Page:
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Watertown Residents Hunker Down As Manhunt Unfolds

Joel Obermayer is a former NPR contributor who lives and works near the scene of the overnight showdown in Watertown, Mass.

While the manhunt for a suspect in the Boston Marathon bombings continued Thursday night into Friday morning, residents of Watertown, Mass., and surrounding communities were hiding in bedrooms, looking out from roofs and peering from behind locked doors.

Susan Musinsky awoke at 1 a.m. when her 17-year-old daughter, Rebecca, came into her bedroom to warn her about a suspected terrorist on the loose. Rebecca, Susan and her husband, David Krieger, spent the next two hours hunkering down in bed checking news sites, Twitter and Facebook. By morning, Musinsky still had not slept much.

"I've been sitting in my bed looking out the window. I have the shades nearly drawn and there's just an eight-inch sliver I can see though," says Musinsky, 53. "We've heard helicopters, then there's the National Guard have come through, and the guys in the SWAT uniforms keep coming down our street."

While Watertown is officially a suburb of Boston, it doesn't feel like it. The roads are short and thin. On most every street, early 20th century single-family homes and stacked duplexes are clumped close together with tiny yards, as if someone took a larger sized town and picked up the corners so that everything slid together.

Watertown's 30,000 residents are hemmed in on all sides. On the south side near the site of the early morning firefight, the town is bordered by the Charles River and a giant brick warehouse that used to hold a munitions factory. (It has since been converted to offices.) Running through the center is its main artery, Mt. Auburn St., which heads straight to Cambridge and marks the epicenter of one of the United States' largest communities of the Armenian diaspora, with Middle Eastern markets and eateries. The north side is bordered by the suburb of Belmont with its stately Victorian houses.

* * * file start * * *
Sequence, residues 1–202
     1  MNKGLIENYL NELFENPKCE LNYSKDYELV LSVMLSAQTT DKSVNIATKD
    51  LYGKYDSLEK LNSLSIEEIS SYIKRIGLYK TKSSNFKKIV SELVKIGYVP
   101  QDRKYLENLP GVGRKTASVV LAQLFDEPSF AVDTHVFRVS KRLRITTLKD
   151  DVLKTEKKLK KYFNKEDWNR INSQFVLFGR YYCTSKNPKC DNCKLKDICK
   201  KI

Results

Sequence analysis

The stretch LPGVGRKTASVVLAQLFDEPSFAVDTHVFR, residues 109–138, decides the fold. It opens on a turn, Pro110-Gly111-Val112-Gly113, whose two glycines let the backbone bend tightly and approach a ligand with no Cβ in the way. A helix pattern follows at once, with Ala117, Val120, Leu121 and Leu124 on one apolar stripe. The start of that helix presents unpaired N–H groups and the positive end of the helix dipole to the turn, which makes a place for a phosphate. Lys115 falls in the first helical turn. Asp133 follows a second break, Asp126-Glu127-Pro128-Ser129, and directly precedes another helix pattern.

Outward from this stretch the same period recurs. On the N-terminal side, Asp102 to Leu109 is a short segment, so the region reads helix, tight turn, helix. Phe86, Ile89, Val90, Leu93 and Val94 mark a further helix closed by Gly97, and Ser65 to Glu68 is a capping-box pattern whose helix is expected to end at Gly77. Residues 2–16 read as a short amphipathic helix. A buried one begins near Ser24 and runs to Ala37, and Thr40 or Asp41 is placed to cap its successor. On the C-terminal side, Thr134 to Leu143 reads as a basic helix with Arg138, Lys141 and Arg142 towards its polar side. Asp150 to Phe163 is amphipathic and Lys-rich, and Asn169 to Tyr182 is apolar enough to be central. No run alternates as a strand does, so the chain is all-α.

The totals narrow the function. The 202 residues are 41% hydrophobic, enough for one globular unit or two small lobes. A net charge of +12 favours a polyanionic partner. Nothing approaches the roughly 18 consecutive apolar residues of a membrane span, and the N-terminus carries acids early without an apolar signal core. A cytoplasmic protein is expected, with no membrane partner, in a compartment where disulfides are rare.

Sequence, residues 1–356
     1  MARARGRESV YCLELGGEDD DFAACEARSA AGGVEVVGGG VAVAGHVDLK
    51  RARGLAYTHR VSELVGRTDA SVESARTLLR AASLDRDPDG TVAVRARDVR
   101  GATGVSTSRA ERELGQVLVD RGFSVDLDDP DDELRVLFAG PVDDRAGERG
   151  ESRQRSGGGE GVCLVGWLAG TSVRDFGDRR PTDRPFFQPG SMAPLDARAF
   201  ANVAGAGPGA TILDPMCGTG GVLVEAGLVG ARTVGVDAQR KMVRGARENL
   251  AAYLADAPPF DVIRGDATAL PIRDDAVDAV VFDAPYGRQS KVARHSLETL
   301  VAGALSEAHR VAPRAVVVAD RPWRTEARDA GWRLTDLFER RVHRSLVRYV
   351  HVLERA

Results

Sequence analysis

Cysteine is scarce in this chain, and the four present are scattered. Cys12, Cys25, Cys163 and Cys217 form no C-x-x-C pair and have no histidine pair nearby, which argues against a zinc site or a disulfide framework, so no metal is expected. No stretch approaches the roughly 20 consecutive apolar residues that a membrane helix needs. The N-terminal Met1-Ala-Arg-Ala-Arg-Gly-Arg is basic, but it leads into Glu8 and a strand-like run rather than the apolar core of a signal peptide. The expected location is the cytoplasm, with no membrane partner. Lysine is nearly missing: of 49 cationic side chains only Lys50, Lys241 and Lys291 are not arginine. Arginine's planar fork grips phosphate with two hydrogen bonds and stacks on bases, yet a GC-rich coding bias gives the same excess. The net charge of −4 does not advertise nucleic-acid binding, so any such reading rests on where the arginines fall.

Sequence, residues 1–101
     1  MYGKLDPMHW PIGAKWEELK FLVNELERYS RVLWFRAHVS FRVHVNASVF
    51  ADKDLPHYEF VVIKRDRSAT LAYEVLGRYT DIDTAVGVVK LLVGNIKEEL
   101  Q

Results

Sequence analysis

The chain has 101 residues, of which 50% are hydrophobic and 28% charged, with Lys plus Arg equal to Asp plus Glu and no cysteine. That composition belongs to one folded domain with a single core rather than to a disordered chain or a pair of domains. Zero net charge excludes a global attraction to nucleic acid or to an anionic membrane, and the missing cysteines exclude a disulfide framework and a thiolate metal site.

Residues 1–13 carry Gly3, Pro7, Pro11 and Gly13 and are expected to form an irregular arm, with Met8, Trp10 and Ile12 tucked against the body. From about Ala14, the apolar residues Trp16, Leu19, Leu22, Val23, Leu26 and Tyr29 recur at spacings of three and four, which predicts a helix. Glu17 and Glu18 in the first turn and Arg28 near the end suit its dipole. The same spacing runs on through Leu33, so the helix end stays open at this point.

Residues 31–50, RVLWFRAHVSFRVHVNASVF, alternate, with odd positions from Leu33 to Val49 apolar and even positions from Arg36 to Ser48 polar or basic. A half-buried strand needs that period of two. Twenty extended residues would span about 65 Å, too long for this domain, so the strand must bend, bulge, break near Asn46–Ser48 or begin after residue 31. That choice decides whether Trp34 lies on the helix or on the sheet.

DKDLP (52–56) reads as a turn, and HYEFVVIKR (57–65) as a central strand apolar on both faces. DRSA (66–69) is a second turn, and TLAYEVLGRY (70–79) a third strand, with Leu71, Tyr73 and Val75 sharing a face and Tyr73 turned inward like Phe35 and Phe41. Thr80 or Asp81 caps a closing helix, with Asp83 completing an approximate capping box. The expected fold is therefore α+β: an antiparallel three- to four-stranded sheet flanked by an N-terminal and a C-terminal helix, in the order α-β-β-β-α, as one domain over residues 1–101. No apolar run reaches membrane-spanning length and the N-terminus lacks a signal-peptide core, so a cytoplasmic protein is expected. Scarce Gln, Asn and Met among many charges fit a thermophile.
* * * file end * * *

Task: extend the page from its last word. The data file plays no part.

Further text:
Musinksy, like other residents, was on edge all morning.

"I'm afraid to let the dog out," she says. "When they say there's a guy on the loose you have no idea what direction he's headed. You have no idea if he's hiding in someone's backyard. You just don't know."

A half mile away, Shelly Levy had been awoken in the early morning by gunfire and explosions. She checked a stream of updates from neighbors online. Around 9 a.m., after she had been up all night, a man in a SWAT uniform stopped by the house to make sure she and her family were safe and not being held against their will. "I was afraid at first," she says. "Now there are so many police around, it's hard to imagine anything happening."

Sarah Ryan lives next to the neighborhood where the firefight unfolded. She has neighbors who hid in their basements. Instead, she and her husband opted for extra vigilance. "We've been constantly scanning out our windows," Ryan says.

Watertown is the last place you'd expect to see a mini-war zone.

"I can't believe this is happening in our little town," says Ryan. "We don't lock our car doors. We often forget to lock our front doors. It feels very strange to be so insecure. We don't feel safe at all."


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